Feature Article - July/August 2002
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Always in Season

How some facilities market themselves year round, attracting patrons for seasonal activities and turning off seasons into profitable ones

By Zach Finken


To everything there is, of course, a season. The golf courses and outdoor swimming pools get the fairer months; the ski slopes and outdoor skating rinks have a monopoly on winter. Or so it used to be. Now recreation directors are getting more out of their facilities by getting more creative with their offerings. All over the country, operations that used to be winter-only or summer-specific are now open year-round. After all, why should that $3-million chair lift sit dormant for seven months? And surely someone would enjoy the peaceful beauty of a golf course buried under a foot of snow.

Rec directors are like farmers: The weather is either their blessing or their bane. Usually it's both. But some savvy owners and operators decided they needed to stop talking about the weather and do something about it. Following are some interesting four-season business models.

Summer at Winter Park

Snowboard lessons help beginners master the sport more quickly at Winter Park Resort.

Colorado's Winter Park has been out in front of this year-round trend over the last two decades. Now 63 years old, Winter Park is one of the 10 largest ski resorts in the United States. Its 3,000 acres include almost two dozen chair lifts, several on-mountain restaurants and—when the weather's right—thousands of skiers.

"It's a very big operation," says communications director Joan Christensen.

But in the mid-'80s, management realized they had to keep something going in the warmer months. Their goals were modest, Christensen says; they just wanted to break even and hold on to their best workers.

"We had two financial reasons," she says. "First, it's difficult to have the capital investment lie dormant. You can't have these facilities and only use them four-and-a-half or five months of the ski season. They have to continue to generate revenue. Second, we want to retain our seasonal employees. They can't live on a five-month salary."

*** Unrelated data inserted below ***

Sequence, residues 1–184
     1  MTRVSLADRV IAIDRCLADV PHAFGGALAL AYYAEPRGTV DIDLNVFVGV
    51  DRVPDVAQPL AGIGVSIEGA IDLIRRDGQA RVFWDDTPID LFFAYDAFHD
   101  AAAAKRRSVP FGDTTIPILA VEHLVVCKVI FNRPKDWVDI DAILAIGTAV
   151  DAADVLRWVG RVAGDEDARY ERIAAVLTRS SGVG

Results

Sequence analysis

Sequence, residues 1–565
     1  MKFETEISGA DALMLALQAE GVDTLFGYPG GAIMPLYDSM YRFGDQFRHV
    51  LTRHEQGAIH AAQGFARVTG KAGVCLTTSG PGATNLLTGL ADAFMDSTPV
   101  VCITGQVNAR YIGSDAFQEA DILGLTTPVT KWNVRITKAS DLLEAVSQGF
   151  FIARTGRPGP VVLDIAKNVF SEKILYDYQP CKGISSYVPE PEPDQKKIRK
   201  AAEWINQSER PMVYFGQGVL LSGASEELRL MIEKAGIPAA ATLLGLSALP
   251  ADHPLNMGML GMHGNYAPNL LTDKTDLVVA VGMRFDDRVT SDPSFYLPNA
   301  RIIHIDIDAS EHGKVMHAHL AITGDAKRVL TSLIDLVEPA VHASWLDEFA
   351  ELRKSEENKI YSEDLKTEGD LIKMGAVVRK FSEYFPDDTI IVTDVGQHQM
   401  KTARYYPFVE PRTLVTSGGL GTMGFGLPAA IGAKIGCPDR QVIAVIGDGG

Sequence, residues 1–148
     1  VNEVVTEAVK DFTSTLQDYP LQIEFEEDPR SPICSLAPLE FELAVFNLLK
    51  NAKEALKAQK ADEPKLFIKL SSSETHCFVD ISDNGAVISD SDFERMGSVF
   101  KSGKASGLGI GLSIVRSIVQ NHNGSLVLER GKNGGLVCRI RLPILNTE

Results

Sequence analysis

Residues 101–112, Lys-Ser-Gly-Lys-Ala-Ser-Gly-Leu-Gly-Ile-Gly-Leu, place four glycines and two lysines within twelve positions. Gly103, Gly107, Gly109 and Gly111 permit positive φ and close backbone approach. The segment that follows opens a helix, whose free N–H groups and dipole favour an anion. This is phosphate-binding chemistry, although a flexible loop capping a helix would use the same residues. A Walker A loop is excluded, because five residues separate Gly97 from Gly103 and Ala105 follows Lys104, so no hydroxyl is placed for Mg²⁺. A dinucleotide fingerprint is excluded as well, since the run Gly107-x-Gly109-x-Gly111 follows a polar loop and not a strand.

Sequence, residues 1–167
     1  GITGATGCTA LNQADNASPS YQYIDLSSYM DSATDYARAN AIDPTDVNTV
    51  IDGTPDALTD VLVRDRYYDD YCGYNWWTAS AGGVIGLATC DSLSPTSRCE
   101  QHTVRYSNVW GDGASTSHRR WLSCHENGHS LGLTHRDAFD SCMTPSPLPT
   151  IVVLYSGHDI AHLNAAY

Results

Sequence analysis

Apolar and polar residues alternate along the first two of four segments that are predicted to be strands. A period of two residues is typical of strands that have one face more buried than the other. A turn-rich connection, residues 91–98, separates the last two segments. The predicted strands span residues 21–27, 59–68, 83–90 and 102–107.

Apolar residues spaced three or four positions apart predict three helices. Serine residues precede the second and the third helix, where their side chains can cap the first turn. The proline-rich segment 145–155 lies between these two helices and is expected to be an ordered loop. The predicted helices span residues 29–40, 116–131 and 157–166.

Winter Park's first summer attraction was an alpine slide. Then they began adding events, such as their annual Rockfest, a two-day music extravaganza that has attracted the likes of Hootie and the Blowfish, Lyle Lovett and Mary Chapin Carpenter. Now they organize a summer bike race series that is the biggest in Colorado, drawing 500 people to compete in six different races on different courses.

Bikers ride the Zephyr Express, specially equipped to carry bikes, to access Winter Park Resort’s 50 miles of mountain bike trails.

"They're a big deal," Christensen says.

There's also recreational biking on miles of trails, miniature golf, an outdoor climbing wall, and a wine and food festival each August.

"They keep us in more people's memory banks, closer to the surface," she says. "It's a break-even operation or turns a modest profit—with the exception of weddings."

Weddings have become quite a lucrative business to the resort, but it's something it just stumbled into.

"It started with an employee who wanted to get married at a ski lodge," Christensen says.

Now more and more brides-to-be are falling in love with the idea of exchanging vows on the peak of a mountain. But this, too, is just a seasonal offering. In the winter, roads to the top are blocked, making weddings too difficult to pull off.

"There's more logistics in getting a bride up a chair lift in January than in June," Christensen says.